MoneyGram tried and failed a second time to convince the U.S. Tax Court that it was a bank. Thus the company still can’t claim a bad-debt deduction from its losses on asset-backed securities in the late 2000s. Robert Willens looks at MoneyGram’s arguments and how the Tax Court, at a federal appeals court’s bidding, found additional reasons to rule that the money transfer company wasn’t a bank. Read: MoneyGram’s Bank Aspirations Are Dashed
The Brazilian tax system is highly complex, but reforms are now being proposed at a constitutional and legal level. Henrique Erbolato of Santos Neto Advogados, Brazil, looks at the legal framework for reforms and the measures being proposed to simplify and modernize the tax system. Read: Brazilian Tax Reform—Framework and What to Expect
The digitized economy requires today’s tax professionals to adapt to the changing ways their clients and employers do business. Scott McFarlane of Avalara looks at the increasing importance of the tax department and how to keep up with the changes brought by globalization and digitization. Read: 2020 Will Be the Year of the Global Tax Professional—And Rightfully So
From the Archive
The typical cryptocurrency trader might be living in the moment, but Bloomberg Tax contributors are looking into the future for those traders and their heirs.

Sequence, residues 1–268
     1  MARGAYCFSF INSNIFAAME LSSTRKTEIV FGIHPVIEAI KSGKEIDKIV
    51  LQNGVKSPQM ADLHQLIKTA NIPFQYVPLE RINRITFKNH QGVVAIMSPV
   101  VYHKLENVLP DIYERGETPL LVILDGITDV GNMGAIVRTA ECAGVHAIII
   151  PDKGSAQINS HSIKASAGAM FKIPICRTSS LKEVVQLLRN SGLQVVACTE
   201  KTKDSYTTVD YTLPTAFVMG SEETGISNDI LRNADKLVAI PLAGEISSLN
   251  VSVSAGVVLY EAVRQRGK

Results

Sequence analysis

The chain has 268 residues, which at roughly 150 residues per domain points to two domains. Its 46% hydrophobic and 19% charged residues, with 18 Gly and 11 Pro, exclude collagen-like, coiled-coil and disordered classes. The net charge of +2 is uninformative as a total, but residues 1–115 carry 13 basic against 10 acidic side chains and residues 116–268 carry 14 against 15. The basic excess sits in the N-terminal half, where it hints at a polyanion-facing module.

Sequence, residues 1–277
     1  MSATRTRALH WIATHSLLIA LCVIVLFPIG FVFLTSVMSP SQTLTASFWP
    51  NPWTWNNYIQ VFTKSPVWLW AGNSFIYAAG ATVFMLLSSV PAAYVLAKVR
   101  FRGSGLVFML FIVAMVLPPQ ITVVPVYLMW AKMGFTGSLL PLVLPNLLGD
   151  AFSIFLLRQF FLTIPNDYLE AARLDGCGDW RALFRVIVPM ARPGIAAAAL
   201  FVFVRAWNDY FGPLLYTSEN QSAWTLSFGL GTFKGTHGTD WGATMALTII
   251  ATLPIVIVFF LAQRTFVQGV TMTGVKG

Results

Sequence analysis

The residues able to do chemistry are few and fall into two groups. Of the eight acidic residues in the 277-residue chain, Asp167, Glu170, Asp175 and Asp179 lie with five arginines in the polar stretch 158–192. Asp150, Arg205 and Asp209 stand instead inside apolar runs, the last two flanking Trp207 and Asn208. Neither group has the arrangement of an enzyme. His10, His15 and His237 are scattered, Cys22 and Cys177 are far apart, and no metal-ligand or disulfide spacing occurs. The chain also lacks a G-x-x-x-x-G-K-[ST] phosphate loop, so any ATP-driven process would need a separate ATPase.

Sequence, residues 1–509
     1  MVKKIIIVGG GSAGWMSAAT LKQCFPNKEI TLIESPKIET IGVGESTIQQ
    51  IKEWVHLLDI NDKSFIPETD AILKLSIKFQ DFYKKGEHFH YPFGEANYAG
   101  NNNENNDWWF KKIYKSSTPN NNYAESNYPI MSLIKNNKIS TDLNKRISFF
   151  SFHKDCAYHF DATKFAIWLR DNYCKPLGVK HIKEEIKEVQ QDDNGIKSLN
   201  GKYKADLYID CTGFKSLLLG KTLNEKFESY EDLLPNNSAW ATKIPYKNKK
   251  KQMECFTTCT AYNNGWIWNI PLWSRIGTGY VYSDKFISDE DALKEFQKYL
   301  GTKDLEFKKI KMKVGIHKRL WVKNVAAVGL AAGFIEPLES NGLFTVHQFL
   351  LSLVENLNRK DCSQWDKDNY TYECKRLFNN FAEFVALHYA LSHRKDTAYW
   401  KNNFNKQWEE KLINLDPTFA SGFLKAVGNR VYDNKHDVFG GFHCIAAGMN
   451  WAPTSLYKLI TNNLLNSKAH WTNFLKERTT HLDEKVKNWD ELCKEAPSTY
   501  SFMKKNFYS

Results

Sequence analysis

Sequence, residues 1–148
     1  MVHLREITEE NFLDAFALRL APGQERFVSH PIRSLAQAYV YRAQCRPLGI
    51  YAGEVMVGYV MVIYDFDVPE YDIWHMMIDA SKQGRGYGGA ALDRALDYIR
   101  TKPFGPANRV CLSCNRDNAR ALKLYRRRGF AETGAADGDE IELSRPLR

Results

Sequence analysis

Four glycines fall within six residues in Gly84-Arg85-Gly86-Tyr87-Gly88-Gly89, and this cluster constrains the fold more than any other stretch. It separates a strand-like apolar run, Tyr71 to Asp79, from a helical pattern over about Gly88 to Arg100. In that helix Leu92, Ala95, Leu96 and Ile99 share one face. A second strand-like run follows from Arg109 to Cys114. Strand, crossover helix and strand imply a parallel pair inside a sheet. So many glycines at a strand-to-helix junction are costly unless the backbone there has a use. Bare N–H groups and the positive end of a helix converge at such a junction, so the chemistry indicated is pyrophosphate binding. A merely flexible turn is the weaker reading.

Traditional estate planning and administration must be revised and adapted to the digital age. Michelle Gitlitz of Crowell & Moring LLP, Mark Shayne of Empire Valuation Consultants LLC, Sean Weissbart of Blank Rome LLP, and Jennifer Zegel of Kleinbard LLC walked through how to include digital assets in an estate plan and what can be done when the holder of such assets dies without making any provisions.
Linda DelaCourt Summers of Ulmer & Berne explained digital assets, digital access, the difference between them, and why both need to be considered in estate planning.
What’s happening outside the world of tax?
Many states have passed or proposed sports betting legislation, and 2020 will see this trend continue, Cadwalader attorneys say. They discuss this rapidly expanding industry and predict that the stage is set for legal sports betting’s popularity to surge in 2020. Read: America Will Double Down on Sports Betting in 2020
It’s time to deploy the tools and skills we’ve forged in the fires of capitalism to help solve the challenges it has helped create. The legal profession provides a model, writes Samir A. Gandhi, managing partner at Sidley Austin LLP. Read: Pro Bono Work as a Model—Capitalism Can Save Itself by Saving America
Exclusive Content for Bloomberg Tax Subscribers
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Promissory notes are widely used to transfer money or other assets between family members and family entities for many reasons. Michael S. Strauss of Strauss Malk & Feder LLP and Jerome M. Hesch of Boston University School of Law and the Florida International University Law School analyze the valuation of intrafamily notes for transfer tax purposes.
Bloomberg Tax Insights articles are written by experienced practitioners, academics, and policy experts discussing developments and current issues in taxation. To contribute please contact Erin McManus at firstname.lastname@example.org.